An Illinois judge sentenced a man to 16 years in prison Monday for plotting a bomb scheme in a crowded Chicago bar in 2012.
Authorities arrested Daoud on Sept. 14, 2012 at 18 years old after he pressed a button he thought would ignite a 1,000-pound bomb inside a vehicle. FBI agents issued the fake bomb, which smelled like diesel fuel and had special wiring.
Northern District of Illinois Judge Sharon Johnson Coleman questioned whether the FBI took advantage of Daoud’s immaturity. Coleman took his mental health into consideration when assigning the sentence, the news agency reported.
Daoud reportedly previously had visions of the Illuminati and “lizard people” controlling him, according to ABC 7 Chicago.
Adel Daoud, 25, was sentenced Monday for trying to kill hundreds of people by detonating what he believed was a real car bomb outside a Chicago bar in 2012. The detonator was fake and supplied by the FBI as part of a sting. https://t.co/gEFD3iq8rT
— HuffPost Crime (@HuffPostCrime) May 6, 2019
“It seems, with medication, he has come to understand the seriousness of the situation he faces,” Coleman said, the Chicago Tribune reported.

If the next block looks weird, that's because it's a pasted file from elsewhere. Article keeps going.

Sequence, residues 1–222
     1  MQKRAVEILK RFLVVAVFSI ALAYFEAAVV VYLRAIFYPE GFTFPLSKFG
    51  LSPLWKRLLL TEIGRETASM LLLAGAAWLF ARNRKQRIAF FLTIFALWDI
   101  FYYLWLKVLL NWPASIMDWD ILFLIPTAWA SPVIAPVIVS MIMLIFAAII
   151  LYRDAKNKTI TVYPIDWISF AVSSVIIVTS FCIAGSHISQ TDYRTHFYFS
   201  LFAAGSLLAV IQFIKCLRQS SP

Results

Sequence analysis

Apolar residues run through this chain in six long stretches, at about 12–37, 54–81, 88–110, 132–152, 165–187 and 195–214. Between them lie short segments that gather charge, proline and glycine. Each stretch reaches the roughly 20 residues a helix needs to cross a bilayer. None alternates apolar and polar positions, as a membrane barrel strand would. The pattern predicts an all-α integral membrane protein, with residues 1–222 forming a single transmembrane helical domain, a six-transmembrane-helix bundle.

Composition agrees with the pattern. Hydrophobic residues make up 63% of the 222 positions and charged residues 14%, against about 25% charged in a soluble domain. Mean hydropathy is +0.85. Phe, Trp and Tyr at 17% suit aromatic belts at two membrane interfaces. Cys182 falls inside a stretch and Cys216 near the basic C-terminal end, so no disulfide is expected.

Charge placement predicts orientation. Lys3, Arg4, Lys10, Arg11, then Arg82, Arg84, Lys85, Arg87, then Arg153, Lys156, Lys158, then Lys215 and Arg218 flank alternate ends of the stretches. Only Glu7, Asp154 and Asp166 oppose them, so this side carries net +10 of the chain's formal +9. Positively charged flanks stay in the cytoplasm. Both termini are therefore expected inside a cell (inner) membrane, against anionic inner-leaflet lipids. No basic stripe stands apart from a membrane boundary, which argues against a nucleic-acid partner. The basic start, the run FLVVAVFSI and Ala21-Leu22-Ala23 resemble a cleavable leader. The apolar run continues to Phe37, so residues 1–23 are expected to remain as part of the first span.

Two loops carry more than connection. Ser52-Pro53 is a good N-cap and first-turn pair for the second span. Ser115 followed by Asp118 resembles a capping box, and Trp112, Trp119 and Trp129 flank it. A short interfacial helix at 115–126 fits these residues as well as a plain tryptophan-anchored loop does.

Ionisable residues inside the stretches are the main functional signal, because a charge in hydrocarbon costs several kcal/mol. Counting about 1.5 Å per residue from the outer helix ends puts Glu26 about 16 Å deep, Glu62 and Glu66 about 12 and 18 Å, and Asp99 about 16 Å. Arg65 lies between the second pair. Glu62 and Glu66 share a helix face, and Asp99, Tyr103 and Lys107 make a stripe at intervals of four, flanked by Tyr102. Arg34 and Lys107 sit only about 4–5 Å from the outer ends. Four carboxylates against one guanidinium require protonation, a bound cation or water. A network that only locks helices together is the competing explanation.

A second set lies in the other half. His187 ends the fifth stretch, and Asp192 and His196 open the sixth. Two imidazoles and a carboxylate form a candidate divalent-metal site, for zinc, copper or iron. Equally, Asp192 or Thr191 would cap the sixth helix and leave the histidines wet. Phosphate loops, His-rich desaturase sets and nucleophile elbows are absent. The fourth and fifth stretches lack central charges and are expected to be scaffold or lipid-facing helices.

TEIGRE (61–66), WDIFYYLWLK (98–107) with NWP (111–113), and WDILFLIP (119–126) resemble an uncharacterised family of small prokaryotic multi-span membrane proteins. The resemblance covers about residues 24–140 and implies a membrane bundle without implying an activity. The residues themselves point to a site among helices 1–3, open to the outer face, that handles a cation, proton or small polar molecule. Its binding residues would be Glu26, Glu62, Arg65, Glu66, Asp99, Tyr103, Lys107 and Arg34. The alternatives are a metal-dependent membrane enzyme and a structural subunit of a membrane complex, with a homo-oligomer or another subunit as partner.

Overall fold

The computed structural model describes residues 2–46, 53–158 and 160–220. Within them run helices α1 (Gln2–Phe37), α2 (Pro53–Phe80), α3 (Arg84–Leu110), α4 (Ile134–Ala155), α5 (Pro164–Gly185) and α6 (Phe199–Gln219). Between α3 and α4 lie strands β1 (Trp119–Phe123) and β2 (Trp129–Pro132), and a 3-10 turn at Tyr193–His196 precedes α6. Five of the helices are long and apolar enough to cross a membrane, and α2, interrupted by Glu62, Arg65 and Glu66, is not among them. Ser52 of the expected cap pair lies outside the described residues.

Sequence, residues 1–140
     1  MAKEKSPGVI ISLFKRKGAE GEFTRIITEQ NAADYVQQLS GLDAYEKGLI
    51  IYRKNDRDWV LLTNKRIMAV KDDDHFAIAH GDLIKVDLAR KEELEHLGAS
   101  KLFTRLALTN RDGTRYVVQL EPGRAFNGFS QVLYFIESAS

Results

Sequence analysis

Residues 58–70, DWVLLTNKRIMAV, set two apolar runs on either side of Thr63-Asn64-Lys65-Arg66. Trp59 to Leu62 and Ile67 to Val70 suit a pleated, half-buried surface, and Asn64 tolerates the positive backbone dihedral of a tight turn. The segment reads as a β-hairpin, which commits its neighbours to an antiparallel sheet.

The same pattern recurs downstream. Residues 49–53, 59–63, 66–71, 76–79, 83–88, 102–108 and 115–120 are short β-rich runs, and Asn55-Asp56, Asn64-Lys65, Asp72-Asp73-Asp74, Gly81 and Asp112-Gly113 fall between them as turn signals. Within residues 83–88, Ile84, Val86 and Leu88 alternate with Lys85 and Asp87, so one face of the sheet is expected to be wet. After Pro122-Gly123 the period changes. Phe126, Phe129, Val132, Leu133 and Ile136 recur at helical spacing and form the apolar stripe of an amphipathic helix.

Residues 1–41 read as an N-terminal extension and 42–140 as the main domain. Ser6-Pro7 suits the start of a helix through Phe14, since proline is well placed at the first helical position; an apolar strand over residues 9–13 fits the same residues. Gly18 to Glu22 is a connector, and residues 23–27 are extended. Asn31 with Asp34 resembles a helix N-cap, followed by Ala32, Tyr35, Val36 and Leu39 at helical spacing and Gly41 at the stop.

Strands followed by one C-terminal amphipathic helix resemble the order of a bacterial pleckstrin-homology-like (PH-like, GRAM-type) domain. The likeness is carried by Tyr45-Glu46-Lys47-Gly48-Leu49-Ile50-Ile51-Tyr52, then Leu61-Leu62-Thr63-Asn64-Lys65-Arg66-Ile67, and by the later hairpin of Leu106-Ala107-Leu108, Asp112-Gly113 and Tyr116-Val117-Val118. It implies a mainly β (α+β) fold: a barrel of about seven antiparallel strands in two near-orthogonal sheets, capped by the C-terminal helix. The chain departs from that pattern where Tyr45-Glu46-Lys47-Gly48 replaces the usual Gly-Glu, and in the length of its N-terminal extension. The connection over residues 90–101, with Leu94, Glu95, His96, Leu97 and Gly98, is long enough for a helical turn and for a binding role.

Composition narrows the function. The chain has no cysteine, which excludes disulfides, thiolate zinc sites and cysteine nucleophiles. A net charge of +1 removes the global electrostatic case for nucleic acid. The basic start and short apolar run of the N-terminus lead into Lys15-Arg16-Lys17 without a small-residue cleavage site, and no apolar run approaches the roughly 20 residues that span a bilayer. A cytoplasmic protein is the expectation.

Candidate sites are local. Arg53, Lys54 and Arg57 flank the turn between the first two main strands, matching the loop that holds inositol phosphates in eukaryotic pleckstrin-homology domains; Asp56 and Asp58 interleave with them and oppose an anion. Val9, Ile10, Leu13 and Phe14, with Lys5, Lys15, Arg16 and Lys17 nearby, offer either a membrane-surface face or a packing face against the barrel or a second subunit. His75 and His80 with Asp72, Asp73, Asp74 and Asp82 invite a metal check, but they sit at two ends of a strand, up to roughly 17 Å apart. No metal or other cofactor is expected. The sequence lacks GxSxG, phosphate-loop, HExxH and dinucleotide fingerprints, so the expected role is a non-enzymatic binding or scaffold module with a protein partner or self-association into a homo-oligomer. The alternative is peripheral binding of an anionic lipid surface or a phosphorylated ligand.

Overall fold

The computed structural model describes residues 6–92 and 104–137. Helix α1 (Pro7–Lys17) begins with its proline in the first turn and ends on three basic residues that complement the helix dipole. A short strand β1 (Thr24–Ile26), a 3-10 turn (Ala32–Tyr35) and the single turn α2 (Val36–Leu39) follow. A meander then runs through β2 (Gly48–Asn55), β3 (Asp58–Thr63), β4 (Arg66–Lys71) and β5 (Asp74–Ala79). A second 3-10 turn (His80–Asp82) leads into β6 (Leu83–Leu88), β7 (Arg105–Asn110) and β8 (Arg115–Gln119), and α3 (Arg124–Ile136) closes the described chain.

He was temporarily deemed as mentally ill in 2016 and was later diagnosed with schizophrenia.
“He has been respectful and pleasant to this court … more so than any defendant I have had,” Coleman said Monday. (RELATED: New Mayor Of Chicago’s Focus Is Fighting ‘Hate’)
The 16-year sentence includes time for when he tried to have an FBI agent murdered and for assaulting an inmate with a shiv along with the bomb plot, ABC 7 reported.
“The sentence that the defendant received was only 16, so we are disappointed in the sentence,” U.S. Attorney John Lausch said, according to ABC 7. “It is notable though that the defendant also received 45 years of supervised release, which will have very stringent conditions, and that is significant.”
Daoud has served time while waiting for a trial, meaning he could be released in less than 10 years, the Tribune reported.
Daoud asserted his innocence while entering an Alford plea in November 2018, the AP reported. He did, however, understand the charges against him on a “factual basis.”
“This gives him a life,” Daoud’s lead attorney Thomas Durkin told reporters. “We can’t ask for anything more.”
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